Electrical discharge machining (EDM) is a type of machining operation used for shaping conductive workpieces into geometrically complex parts. Electrical discharge machines are particularly well suited for machining components which have complicated contours or subtle cavities that would be difficult to produce with other conventional machining equipment. The process involves supplying electricity to both the shaping tool as well as the workpiece and then bringing the tool into close proximity using the workpiece, which is completely immersed inside a dielectric fluid bath. This proximity causes the electrical field intensity between the oral appliance workpiece to beat the strength of the dielectric fluid, and creates a series of electrical discharges between them. These electrical discharges remove material in the Electrical Discharge Machine, and also the pattern or shape of material removed relies upon the form of the tooling electrode. Following the machining operation, the dielectric fluid is replaced between the electrodes. Apart from serving as a dielectric between the two electrodes, the fluid also plays a vital role in the machining process, as it is accustomed to eliminate the removed material and cool the machined area. The character from the process is really that, while material is being removed from the workpiece; the tooling electrode can also be gradually eroded, making periodic replacement necessary.
The electrical discharge machining process is incredibly precise and generally utilized in producing components that are typically complex and require extreme accuracy. In addition, another area of application that EDMs perform above par is incorporated in the machining and shaping of hard or exotic materials such as titanium, Hastelloy, Kovar, Inconel, as well as hardened steel. However, the only caveat with the electrical discharge machining process is it could be simply be combined with conductive materials.
There are essentially two types of electrical discharge machines, which differ in the type of tooling electrode that they are outfitted with. They are sinker EDMs and wire EDMs. The sinker EDM, also referred to as a ram EDM uses a shaped tooling electrode to facilitate the machining process. This tooling electrode is created by conventional machining right into a shape that is specific towards the application it is employed for as well as an exact reverse from the contour around be machined into the workpiece. The tooling, typically machined from graphite, is used by having an insulating fluid for example oil or any other dielectric fluids. This shaped tooling is linked to an energy supply making to approach the workpiece electrode, creating electrical discharges between them, which cause erosion in the desired shape. This kind of EDM is typically used for precise machining of complex 3D parts, such as injection molding, die tooling, along with other components that require exceptional accuracy.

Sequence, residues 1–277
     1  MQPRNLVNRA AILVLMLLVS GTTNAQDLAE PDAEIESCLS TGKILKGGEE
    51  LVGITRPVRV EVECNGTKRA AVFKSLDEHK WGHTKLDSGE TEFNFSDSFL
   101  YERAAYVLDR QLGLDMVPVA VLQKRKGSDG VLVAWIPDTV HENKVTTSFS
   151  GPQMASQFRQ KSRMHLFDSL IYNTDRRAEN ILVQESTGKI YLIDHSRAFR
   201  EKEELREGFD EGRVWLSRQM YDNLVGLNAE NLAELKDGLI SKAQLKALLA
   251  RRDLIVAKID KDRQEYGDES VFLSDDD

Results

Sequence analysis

The wire EDM, however, is an electrical discharge machine that uses an excellent metallic wire, usually made from brass, which acts as a cutting electrode to accurately shape intricate, complex components from thick metal plates. The wire and workpiece are generally supplied with electricity and when the wire approaches the workpiece, electrical discharges occur together. These discharges remove material in the workpiece inside a shape that resembles a cutting or slicing action. Because the wire electrode is eroding along with the workpiece, it is continuously fed into the workpiece from a spool to ensure uninterrupted cutting operation. The wire is fed through two guides, typically produced from diamonds, each placed above and below the workpiece electrode. These guides are movable on the 2-axis x-y plane and are CNC controlled for cutting. The cutting operation occurs on a workpiece that’s completely immersed in a dielectric fluid bath, normally de-ionized water, which is often used like a coolant and to flush away the removed material. This machining process can be used to chop complex and intricate 2D shapes on thick metal parts, especially components from hard and exotic metals such as Inconel and titanium. Some components commonly machined using wire EDMs are stripper plates, custom gears, along with other parts that should be intricately cut out. However, the arrival of upper guides and multi-axis freedom of movement in the newer wire EDMs, allows these machines to cut intricate tapers and transitional shapes as well.